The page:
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Penetration Testing

Introduction

Increasing the robustness and resiliency of systems against threats and attacks is a key cyber security goal. Although, cyber security practitioners should be involved in system design early enough to design cyber-resiliency into the system, quite often, they are presented with legacy systems designed with little consideration to cyber-security. Notwithstanding, even well-designed systems are prone to cyber-attacks from both organised and ill-organised perpetrators.
Penetration testers must possess a good understanding of network protocols and design. This enables practitioners to gain a basic understanding of the root causes of network vulnerabilities and the associated remedial measures that can be taken, particularly where the root cause relates to network misconfiguration issues (both hardware and protocol related).

This module aims to equip participants with the knowledge and practical experience of performing penetration/vulnerability testing and producing professional penetration testing reports for client organisations.
This module begins by providing an extensive understanding of networks including knowledge of network technology such as IPv4/6, and TCP/UDP. Participants proceed to understand the function and role that devices such as routers, switches and firewalls play in the security of a network and the way that these devices should be configured to enable optimal security. Through the use of industry-standard simulation tools, the module equips participants with an in-depth practical applied knowledge of the importance of segregating differing trust domains via security devices such as routers, switches and stateful packet filtering firewalls as well as an understanding of how layered defence in depth aids the security of a network.
Having gained this practical knowledge, participants proceed to develop an in-depth knowledge of how to conduct a professional penetration test on a network. Participants are given an extensive knowledge of the phases of a penetration test which involve (for example) information gathering (reconnaissance), threat modelling, vulnerability analysis, exploitation. post-exploitation and reporting.
There is a fundamental emphasis on professionalism. Participants are made aware of the need to act professionally, in an ethical manner and are made aware of ‘responsible reporting’ programmes.
This module is partly taught by professional practitioners involved with professional penetration testing on a daily basis and also equipped with years of university academic experience*.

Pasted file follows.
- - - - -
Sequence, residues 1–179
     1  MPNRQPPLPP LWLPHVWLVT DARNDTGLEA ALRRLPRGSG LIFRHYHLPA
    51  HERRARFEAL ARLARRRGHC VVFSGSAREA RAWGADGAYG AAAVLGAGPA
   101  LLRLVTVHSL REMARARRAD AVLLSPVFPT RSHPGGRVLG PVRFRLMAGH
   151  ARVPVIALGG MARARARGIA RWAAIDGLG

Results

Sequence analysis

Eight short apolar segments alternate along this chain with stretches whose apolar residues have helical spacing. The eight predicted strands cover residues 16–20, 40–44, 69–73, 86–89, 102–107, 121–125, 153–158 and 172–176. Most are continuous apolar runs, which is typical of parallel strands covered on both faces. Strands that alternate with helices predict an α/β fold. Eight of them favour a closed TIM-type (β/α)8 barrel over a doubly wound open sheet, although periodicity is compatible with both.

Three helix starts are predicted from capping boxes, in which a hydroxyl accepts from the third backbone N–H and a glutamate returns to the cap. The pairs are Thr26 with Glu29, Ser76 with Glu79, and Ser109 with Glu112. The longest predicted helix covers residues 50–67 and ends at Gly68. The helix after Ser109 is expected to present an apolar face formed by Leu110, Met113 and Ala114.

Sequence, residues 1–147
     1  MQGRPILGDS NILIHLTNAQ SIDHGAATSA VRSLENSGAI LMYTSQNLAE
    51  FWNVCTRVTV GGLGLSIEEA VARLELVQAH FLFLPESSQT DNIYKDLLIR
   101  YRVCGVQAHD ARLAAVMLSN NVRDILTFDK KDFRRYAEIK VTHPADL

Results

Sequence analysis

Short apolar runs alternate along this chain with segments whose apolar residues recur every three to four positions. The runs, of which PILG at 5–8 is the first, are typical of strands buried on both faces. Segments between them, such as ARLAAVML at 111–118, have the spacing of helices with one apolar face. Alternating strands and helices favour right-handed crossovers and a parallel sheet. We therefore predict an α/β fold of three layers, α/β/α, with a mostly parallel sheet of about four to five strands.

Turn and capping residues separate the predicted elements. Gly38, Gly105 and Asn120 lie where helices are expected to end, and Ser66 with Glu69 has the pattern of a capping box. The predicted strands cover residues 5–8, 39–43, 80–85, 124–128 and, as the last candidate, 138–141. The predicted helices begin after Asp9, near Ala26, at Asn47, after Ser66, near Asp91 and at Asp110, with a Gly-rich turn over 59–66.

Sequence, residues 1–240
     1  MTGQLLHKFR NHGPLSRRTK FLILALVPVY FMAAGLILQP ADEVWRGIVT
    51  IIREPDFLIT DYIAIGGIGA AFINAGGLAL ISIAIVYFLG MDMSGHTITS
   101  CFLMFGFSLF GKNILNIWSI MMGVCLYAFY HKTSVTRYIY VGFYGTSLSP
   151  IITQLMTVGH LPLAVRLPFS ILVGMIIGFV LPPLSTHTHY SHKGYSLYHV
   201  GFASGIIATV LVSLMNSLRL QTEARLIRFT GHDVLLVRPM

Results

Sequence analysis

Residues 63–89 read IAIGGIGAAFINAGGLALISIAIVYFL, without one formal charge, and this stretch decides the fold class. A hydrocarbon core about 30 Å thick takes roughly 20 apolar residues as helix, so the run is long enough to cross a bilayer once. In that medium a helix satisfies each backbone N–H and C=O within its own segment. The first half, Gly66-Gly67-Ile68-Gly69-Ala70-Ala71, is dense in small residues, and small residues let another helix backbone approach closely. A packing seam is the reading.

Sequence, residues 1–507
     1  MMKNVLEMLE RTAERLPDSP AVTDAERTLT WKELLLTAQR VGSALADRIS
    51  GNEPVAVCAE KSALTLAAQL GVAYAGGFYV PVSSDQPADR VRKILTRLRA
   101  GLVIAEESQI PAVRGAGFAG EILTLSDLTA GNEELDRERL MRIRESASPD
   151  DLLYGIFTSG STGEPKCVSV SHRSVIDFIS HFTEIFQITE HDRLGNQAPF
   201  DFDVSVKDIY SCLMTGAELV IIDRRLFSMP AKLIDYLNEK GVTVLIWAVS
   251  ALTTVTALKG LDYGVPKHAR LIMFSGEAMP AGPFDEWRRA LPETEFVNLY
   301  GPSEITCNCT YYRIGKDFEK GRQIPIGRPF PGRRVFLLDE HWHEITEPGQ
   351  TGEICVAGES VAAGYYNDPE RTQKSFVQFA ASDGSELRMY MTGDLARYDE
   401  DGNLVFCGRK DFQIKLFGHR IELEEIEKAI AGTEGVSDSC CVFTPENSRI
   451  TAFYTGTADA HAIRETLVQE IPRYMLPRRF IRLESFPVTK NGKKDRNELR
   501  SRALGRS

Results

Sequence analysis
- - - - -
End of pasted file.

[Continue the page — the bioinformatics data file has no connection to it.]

* reviewed on an annual basis.

Objectives

  • Appraise the security posture of a network by analysing the network configuration using appropriate tools where necessary.
  • Critically evaluate the configuration of network security devices to achieve a desired security posture recommending adjustments where appropriate.
  • Demonstrate a comprehensive understanding of vulnerability exploitation techniques.
  • Assess the results of system security tests and recommend appropriate mitigation strategies – which may include possible design and configuration changes.

Syllabus

Computer Networks

  • Background. IP4/6 networks, addressing, routing, network architecture, trust domains; TCP/UDP, packet capture and analysis using tools such as Wireshark; Ingress and egress filtering via (stateful) packet firewalls.
  • Network design. Enacting basic network design using tools such as packet tracer.
  • Network security. Network security monitoring, passive, proactive, technical, non-technical, consequences; Operating system security, web security, embedded security, cloud and virtualisation security, security as a service


Penetration testing

  • Information gathering methods, techniques and tools. Footprinting, reconnaissance, network port scanning.
  • Vulnerability exploitation. Gaining and maintaining access, covering tracks, enumeration techniques and vulnerability assessment, static and dynamic analysis of malware, social engineering, SQL injection, and zero-day exploits, session hijacking, denial-of-Service, password cracking, firewalking techniques, evading intrusion detection systems and firewalls, hacking web applications and SQL injection attacks.
  • Penetration testing. Professionalism, ethics and responsible reporting; penetrations testing methodologies, standards and plans.

Assessment

  • Post module assessment - Penetration test of a corporate network (80%)
  • In module test (20%)

Duration

2 weeks including 13 hours of lectures, 27 hours of tutorials

This is a course module on MSc Cyber Security Management.

Please note: the details of this module are correct for the current year of study and may be subject to change for future years.